Heavy Manners Credit: courtesy the artist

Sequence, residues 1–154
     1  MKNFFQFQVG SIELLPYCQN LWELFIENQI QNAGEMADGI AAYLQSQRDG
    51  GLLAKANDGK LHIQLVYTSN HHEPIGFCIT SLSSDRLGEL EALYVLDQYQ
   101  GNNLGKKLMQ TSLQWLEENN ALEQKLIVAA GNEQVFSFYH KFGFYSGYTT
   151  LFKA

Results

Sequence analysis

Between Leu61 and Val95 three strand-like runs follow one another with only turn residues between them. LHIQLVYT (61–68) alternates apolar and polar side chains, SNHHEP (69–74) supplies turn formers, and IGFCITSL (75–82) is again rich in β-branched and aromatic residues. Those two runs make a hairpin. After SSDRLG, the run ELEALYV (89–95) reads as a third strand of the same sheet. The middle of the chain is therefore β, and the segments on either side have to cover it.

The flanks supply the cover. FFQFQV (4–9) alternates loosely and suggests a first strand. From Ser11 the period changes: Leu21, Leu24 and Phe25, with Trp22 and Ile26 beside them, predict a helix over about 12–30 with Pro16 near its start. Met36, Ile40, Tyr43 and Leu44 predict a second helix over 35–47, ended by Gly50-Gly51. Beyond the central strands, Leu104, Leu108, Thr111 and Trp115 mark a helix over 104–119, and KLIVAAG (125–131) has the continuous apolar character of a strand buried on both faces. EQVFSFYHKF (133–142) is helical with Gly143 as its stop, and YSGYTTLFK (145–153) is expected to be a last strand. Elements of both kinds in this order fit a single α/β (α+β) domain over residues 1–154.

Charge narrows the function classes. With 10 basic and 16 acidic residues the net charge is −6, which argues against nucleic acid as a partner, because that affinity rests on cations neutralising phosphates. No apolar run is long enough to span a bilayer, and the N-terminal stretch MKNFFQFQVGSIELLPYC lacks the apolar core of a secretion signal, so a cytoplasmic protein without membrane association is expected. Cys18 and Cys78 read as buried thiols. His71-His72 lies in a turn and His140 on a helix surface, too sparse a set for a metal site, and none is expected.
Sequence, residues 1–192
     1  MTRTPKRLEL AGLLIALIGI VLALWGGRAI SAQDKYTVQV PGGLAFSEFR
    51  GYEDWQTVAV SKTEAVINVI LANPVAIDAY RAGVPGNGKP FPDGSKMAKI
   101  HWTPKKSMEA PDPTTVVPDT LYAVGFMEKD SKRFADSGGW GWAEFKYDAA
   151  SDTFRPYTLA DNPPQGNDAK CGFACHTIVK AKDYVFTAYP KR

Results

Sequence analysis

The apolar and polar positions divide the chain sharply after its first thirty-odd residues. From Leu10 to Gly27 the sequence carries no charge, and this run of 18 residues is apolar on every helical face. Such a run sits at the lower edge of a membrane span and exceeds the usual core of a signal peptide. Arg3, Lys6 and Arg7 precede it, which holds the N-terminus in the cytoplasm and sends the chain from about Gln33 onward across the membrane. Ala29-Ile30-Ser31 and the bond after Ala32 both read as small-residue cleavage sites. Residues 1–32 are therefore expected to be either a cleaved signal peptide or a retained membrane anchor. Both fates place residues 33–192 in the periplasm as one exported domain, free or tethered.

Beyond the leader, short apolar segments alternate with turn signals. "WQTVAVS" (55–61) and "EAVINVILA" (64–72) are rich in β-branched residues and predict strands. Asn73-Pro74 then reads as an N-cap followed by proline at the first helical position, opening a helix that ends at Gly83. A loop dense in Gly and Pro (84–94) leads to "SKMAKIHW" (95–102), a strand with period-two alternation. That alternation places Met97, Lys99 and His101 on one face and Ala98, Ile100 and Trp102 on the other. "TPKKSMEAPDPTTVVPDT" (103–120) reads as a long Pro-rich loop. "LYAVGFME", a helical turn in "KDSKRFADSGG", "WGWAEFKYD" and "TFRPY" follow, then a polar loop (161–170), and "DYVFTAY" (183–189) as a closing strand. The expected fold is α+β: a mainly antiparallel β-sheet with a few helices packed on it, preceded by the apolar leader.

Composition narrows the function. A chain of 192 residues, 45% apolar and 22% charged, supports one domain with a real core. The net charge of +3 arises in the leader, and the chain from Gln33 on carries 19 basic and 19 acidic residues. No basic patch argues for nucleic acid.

In the early 80s, Chicago ska group Heavy Manners were an anomaly. Ska wouldn’t completely catch on in the midwest till the genre’s successful third wave in the 90s, but Heavy Manners helped plant those seeds in the decade before. Bassist Jimi Robinson, a reggae regular who frequently served as MC at hot spot Wild Hare, discovered London’s two-tone scene while on a trip to Europe at the start of the 80s. Inspired, he began jamming with guitarist Mitch Kohlhagen on similar sounds when he returned home. Roughly half a year later, the pair connected with vocalist Kate Fagan, and the three of them placed an ad in the Reader for a drummer. Through the ad they found Frankie Hill, who formally joined on sax and brought along drummer Shel Lustig, then a WXRT DJ. Since the group made rock that sounded like reggae, they could play to different scenes, and as they could carve out their own niche, their impact on the city’s music community grew. When Heavy Manners released their 1982 LP, Politics & Pleasure (on early Chicago punk label Disturbing Records), they celebrated with a sold-out headlining show at Park West. Soon they were landing spots opening for international stars such as the Clash and Peter Tosh, who was so impressed with the group he offered to record them. Aside from their 1983 single “Say It!,” the bulk of their Tosh-produced material came out long after the band broke up via a 1996 compilation, Heavier Than Now (NoVo). But in recent years, Heavy Manners have sporadically reconvened for reunion shows, and in 2010 they dropped a taut EP titled Get Me Outta Debt (Jump Up). That same year Robinson decided to retire, and Joe Thomas joined Heavy Manners on bass. In July, Robinson passed away, and in tribute to him, tonight’s “Skanksgiving” show will include video, photos, and personal anecdotes.   v